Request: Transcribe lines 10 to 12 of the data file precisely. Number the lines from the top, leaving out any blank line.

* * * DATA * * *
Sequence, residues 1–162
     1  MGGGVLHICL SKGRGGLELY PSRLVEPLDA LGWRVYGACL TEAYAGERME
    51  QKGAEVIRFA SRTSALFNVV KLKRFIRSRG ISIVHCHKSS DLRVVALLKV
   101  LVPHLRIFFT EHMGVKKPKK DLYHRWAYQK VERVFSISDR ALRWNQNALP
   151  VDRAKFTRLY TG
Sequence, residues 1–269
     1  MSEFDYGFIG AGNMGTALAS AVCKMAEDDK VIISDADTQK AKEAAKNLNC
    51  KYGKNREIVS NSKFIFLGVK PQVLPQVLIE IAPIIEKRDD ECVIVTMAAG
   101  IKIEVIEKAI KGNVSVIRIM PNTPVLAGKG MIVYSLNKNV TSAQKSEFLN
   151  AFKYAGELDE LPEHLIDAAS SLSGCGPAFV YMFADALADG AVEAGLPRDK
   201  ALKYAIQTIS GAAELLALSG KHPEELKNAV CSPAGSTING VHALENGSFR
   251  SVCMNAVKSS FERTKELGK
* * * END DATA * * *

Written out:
   151  AFKYAGELDE LPEHLIDAAS SLSGCGPAFV YMFADALADG AVEAGLPRDK
   201  ALKYAIQTIS GAAELLALSG KHPEELKNAV CSPAGSTING VHALENGSFR
   251  SVCMNAVKSS FERTKELGK